Polio scare brings Indian travel restriction


ISLAMABAD: Although Saudi Arabia had declared polio vaccination for Pakistanis mandatory in 2009, India has become the first country to implement the ban on travelers who were not immunised as recommended by the Independent Monitoring Board (IMB) for Polio Eradication in October 2011.

Pakistani travelers will not be allowed to enter India after January 30, 2014 if they have not been administered Oral Polio Vaccination (OPV) at least six weeks prior to their departure for India.

However, since the vaccination is effective for only one year, the OPV certificate should not be more than one year old, the Indian government has stated.

An official of the Indian Embassy, requesting anonymity, said this was a decision made by the Indian government and had to be strictly implemented.

“Any Pakistani wishing to travel to India has to provide a certificate of vaccination as we want to keep the Indian nation safe from the crippling disease,” he said.

Country Director World Health Organisation (WHO) Dr Nema Abid told Dawn that India had declared the traveling ban on the recommendations of IMB.

“In January 2014, IMB will hold a meeting in which 23 countries will participate and may take a collective decision. WHO wants to ensure that polio does not spread to other countries from Pakistan,” he said.

It is pertinent to mention that the Pakistani polio virus has already affected at least five countries in the past 23 months, and has become a threat to other countries as well.

Even the European health journal, The Lancet Medical Journal, has warned that the Pakistani polio virus could become a threat to Europe.

In January 2012, 21 children in a Chinese province were affected by polio, and it was confirmed that the virus strain had been transmitted from Pakistan after its DNA was analysed.

In December 2012, the same virus was detected in Al Azhar University, Egypt. In March 2013, the virus was then recorded in Palestine, and three months later, the same strain was detected in Israel.

In October 2013, Unicef confirmed that the virus had also been transmitted to Syria from Pakistan.

Therefore, on Wednesday, the High Commission of India issued a press release stating that all adults and children traveling to India from Pakistan after January 30, 2014 were required to obtain OPV at least six weeks prior to their departure.

“Travelers from Pakistan to India after January 30, 2014 are required to carry their vaccination record as evidence of polio vaccination,” a press release issued by the commission stated.

Furthermore, it said that the OPV certificate could be obtained from any WHO authorised medical centre in Pakistan.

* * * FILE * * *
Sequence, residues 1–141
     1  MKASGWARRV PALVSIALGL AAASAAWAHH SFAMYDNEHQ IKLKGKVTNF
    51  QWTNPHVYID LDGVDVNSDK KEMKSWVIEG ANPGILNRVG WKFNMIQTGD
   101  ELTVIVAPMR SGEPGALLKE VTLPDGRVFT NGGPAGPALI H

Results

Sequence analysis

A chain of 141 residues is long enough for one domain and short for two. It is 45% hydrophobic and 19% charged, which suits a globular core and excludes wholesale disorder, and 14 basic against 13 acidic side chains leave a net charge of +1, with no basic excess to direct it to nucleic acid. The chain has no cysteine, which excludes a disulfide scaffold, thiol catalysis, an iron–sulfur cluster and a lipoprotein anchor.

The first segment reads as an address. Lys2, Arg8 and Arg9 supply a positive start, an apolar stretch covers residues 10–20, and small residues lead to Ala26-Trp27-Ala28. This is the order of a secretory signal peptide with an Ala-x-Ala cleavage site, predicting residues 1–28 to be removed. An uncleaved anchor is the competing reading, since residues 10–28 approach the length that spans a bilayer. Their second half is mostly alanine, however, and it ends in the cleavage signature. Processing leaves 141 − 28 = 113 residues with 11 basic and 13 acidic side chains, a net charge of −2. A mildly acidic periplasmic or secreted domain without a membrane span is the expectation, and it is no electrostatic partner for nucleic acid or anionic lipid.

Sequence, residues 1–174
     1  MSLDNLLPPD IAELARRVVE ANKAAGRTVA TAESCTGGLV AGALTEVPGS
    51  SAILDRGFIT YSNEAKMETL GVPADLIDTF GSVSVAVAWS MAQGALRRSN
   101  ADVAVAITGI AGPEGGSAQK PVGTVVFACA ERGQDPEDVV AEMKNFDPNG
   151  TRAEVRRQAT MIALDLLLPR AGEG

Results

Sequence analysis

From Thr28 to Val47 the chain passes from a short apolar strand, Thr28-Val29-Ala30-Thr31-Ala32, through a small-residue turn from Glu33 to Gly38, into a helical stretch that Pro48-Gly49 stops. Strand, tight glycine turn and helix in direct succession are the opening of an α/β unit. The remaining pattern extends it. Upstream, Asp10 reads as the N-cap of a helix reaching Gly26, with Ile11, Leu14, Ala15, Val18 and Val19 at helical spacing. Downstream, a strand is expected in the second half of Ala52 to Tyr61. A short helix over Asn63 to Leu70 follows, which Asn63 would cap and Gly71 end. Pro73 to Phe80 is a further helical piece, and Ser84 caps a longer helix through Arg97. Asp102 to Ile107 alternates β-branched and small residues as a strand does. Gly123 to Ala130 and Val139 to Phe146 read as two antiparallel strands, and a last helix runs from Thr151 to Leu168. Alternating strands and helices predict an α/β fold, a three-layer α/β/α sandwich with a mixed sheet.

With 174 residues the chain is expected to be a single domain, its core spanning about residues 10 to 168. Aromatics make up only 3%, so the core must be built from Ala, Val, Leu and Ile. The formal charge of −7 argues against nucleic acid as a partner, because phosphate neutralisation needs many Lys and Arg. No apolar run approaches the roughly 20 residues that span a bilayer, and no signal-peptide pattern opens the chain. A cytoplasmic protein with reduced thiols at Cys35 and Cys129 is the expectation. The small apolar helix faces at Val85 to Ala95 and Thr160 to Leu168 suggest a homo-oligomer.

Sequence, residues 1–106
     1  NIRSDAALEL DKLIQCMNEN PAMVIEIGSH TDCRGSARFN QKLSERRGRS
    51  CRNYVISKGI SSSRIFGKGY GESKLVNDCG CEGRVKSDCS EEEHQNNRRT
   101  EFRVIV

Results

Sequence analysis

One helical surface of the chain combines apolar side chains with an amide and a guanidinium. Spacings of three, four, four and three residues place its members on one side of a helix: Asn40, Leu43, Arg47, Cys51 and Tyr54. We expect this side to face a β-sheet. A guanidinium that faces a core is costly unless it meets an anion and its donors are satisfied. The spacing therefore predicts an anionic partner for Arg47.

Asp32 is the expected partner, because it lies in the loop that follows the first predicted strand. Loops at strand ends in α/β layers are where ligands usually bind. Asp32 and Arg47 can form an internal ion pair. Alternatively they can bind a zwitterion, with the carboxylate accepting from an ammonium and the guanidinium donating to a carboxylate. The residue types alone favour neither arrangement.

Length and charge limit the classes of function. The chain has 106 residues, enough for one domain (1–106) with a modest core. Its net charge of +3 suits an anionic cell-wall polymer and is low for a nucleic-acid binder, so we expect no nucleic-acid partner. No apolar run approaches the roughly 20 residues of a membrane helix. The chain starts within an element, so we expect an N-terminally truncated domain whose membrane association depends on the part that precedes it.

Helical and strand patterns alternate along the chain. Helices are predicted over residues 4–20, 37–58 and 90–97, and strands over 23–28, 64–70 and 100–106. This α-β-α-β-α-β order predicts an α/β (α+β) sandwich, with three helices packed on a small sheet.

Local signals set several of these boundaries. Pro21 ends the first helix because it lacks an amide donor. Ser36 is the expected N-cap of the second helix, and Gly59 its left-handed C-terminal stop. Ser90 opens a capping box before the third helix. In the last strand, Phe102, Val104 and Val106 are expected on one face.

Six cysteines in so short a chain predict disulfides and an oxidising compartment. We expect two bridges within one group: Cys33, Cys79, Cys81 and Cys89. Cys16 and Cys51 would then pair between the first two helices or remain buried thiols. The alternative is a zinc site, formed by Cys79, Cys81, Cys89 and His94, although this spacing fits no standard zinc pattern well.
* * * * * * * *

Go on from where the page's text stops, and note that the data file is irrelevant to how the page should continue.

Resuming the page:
“Once administered, OPV remains effective for one year after which the vaccination should be taken again. The step is being taken to safeguard India’s polio-free status attained after large efforts and investment,” the press release said.

The ban will be applicable on all travelers from countries where polio was endemic or where cases of polio were reported. It will also be applicable to Indian nationals traveling from these countries.

An official of the Ministry of National Health Services, on condition of anonymity, said there was chance that several countries would ban the traveling of Pakistanis.

He said this would not only affect the whole nation but also the millions of Pakistanis who are working abroad and sending foreign exchange.

“Saudi Arabia has already made it mandatory for every Pakistani, whether a child or adult, to receive OPV after entering Saudi Arabia. Traveling of Pakistanis may be permanently banned if we do not take effective steps to eradicate polio from the country,” he said.

Minister of National Health Services Saira Afzal Tarar, while talking to Dawn, said Pakistan had to focus on preventing the spread of polio.

“Several countries, including India, are concerned about the alarming situation in Pakistan. The polio virus can travel out of the country just like it reached Syria, so the countries want to ensure that the virus does not reach their borders,” she said.

“Every country has the right to protect its population from such diseases. Even Pakistan faces threat of malaria which spreads into the country from Iran and Afghanistan, and time and again, we have taken up this issue with both countries,” she said.

The minister said she had proposed a firewall so that every person coming from the Federally Administered Tribal Areas (Fata), from where the strain is believed to have originated, was vaccinated.

“Unfortunately some people believe the polio vaccine is forbidden in Islam, so they do not vaccinate their children. The ministry has been striving to change this mindset,” she said.

Source: Dawn


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